How managers manage rights and build employee culture
According to Dom Price (head of R&D and president of Atlassian Software), “The articles that people have read about management and leadership probably all refer to these two functions as the same task as management, if it is different, it is only at the level. Maybe at some point, this management position will no longer be necessary, but right now both functions are very important, just they are different in nature.”
This can be clearly seen in the military environment, where the meaning of the phrase “command purpose” is clearer than ever.
It’s a surprisingly simple thing. The leader (like a CEO) defines what success looks like. When the end goal is clearly defined, the subordinate commanders in each local area will make quick decisions based on that end goal.
Efficiency is very evident, very effective, and it reflects the needs of companies that are thriving in today’s fiercely competitive environment. Like in the military, those companies have middle managers who make decisions quickly and follow the company’s shared vision.
But isn’t that a bad model? Reason:
A manager doesn’t have to be a leader, but a leader can still be a manager.
According to Steven Covey, author of 7 Habits of Highly Effective People, there is a difference between managers and leaders. Imagine yourself as a member of a group traveling in the forest. The leader is the guide for the group. He had to climb to the top of the tree, carefully checking what was going to happen and communicating to the whole group.
A leader is someone who helps the team respond to change. He skips dealing with small problems to get the big picture. So how did he find the time to do that? The answer is empowering to the people in the group so that each person makes their own decisions and solutions – that is the expression of the phrase “commanding purpose”.
Meanwhile, the manager is the person behind the team, helping sharpen the tools, making sure every job or task is run and completed smoothly. At the same time, the manager relays information to the leader, communicating with the leader about what is needed for the team to achieve the set goals.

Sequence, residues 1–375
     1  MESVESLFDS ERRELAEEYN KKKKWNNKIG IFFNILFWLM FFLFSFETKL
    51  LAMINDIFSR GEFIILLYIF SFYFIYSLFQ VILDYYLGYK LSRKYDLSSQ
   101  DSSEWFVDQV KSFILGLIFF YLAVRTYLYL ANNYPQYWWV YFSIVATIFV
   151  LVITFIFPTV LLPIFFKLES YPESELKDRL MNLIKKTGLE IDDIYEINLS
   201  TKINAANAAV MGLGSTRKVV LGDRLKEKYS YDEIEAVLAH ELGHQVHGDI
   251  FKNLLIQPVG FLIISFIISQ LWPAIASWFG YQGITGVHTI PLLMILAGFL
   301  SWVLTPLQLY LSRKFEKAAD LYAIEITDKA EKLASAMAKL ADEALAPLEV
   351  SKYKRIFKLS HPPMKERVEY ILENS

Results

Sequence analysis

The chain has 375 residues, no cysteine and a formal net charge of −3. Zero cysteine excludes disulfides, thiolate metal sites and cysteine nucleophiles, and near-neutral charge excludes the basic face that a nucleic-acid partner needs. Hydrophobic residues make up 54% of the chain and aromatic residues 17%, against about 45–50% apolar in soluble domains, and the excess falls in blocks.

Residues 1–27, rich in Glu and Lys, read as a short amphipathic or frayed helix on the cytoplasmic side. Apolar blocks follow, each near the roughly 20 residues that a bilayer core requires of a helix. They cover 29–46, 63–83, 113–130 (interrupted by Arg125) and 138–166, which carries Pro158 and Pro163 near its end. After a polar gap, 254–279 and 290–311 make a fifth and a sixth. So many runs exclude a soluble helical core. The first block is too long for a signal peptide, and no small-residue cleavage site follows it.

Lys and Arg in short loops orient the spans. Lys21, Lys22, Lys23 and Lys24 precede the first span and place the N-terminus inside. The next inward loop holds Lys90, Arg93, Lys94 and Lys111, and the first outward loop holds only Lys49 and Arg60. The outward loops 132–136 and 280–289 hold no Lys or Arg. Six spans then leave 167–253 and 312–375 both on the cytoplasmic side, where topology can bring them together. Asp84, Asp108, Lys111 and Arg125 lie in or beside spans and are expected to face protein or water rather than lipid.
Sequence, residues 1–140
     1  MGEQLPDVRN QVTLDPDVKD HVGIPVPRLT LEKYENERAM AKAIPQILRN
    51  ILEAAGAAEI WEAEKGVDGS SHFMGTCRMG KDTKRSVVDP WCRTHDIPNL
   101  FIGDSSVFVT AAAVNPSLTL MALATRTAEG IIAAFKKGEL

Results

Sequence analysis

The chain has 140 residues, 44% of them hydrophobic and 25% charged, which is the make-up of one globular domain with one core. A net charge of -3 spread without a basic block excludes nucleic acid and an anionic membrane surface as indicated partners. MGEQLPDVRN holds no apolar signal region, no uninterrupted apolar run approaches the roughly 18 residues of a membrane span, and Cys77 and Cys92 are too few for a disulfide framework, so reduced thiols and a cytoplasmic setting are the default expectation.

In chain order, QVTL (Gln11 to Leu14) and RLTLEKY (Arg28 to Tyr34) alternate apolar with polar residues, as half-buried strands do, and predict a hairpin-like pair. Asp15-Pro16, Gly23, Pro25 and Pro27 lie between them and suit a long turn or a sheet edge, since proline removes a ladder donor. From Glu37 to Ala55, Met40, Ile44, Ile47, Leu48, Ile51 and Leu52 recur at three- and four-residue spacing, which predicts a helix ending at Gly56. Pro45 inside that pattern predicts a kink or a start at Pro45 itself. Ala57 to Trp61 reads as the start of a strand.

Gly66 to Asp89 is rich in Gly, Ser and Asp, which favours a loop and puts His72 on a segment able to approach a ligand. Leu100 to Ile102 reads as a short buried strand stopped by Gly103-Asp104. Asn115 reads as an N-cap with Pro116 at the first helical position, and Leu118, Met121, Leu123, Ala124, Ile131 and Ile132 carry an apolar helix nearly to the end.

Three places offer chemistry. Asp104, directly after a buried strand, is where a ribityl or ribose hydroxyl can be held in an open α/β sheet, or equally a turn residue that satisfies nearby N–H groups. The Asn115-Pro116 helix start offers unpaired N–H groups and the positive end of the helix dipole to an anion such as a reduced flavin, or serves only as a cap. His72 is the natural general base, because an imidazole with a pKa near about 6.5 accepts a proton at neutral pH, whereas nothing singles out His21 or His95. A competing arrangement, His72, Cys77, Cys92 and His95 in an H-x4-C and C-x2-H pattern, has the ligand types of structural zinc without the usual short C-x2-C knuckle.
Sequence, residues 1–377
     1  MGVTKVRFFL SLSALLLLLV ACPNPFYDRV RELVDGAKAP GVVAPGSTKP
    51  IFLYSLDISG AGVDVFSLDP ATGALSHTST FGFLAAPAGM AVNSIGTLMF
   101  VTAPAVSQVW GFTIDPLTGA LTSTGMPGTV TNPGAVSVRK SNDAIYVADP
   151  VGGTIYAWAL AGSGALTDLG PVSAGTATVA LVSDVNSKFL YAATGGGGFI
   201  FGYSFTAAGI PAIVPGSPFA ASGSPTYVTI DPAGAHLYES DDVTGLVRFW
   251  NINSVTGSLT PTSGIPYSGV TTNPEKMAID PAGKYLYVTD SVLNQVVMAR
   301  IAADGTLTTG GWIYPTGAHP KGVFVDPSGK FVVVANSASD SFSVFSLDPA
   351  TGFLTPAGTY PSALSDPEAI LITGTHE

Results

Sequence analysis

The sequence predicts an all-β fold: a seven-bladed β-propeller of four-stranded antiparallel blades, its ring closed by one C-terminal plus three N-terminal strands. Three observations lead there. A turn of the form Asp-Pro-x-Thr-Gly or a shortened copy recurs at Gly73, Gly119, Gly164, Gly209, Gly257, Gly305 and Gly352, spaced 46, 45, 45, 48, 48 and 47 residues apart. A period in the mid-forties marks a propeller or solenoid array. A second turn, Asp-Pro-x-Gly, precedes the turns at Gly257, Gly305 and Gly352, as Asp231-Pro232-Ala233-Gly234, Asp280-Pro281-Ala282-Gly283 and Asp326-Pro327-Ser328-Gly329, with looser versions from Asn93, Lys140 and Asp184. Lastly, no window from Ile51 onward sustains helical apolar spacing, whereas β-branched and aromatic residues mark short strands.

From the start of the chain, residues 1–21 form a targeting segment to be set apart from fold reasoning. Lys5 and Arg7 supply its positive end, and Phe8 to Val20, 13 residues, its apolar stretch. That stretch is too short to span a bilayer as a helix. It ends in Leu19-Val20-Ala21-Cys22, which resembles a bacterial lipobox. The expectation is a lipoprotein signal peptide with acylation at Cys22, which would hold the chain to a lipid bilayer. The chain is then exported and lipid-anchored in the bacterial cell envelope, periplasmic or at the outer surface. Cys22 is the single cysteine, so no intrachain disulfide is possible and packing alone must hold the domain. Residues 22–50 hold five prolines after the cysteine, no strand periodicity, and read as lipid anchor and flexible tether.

How to become a leader (if not already)?
It is widely accepted that the ability to break down tasks for each person is the key to being an effective manager. But if you want to be a good leader, you need to know how to divide power.
While people often expect leaders to make certain decisions, allowing others to make decisions for them helps them stretch and exercise their ability to adapt to new situations. If people are cheering for the idea of “purpose to command,” to be able to divide power and still sleep well at night, it is crucial to understand your employees.
And, when the leader has some time to climb down from the treetops, then jump into the jobs others refuse and do them. Leaders or managers cannot help people change if they themselves do not have an understanding empathy for the difficulties employees are having at work. Besides, having a leader willing to humble himself and do such work will help build the trust of employees with him.
When people have faith, they will put everything they have into the work. Trust is built on a virtuous cycle. Let the cycle begin with the leader.
Here are 10 ways to help managers build corporate culture and build trust with their team as suggested by Atlassian:
1. When you have a leisurely week, pick a few things that are left behind. Ideals are jobs that no one wants to get their hands on.
2. Dive into the main problems and help your subordinates solve them.
3. Move the leader’s desk to the side of the subordinate’s desk and become more active in everyday life.
4. Put everything aside for a moment in a one-on-one meeting and try to keep it that way at all other meetings.
5. When disagreeing with a decision, let the team know why and no matter what, the leader must always support them behind.
6. When someone interrupts during a meeting, make sure they have a chance to finish before continuing the meeting.
7. Give feedback as meticulously and as soon as possible. Don’t save it for the annual meeting.
8. Give people problems to solve, instead of giving them tasks to complete.
9. Set goals for the whole group and let everyone find their own ways to achieve them.
10. Delegating authority to make decisions, not just the right to do certain jobs.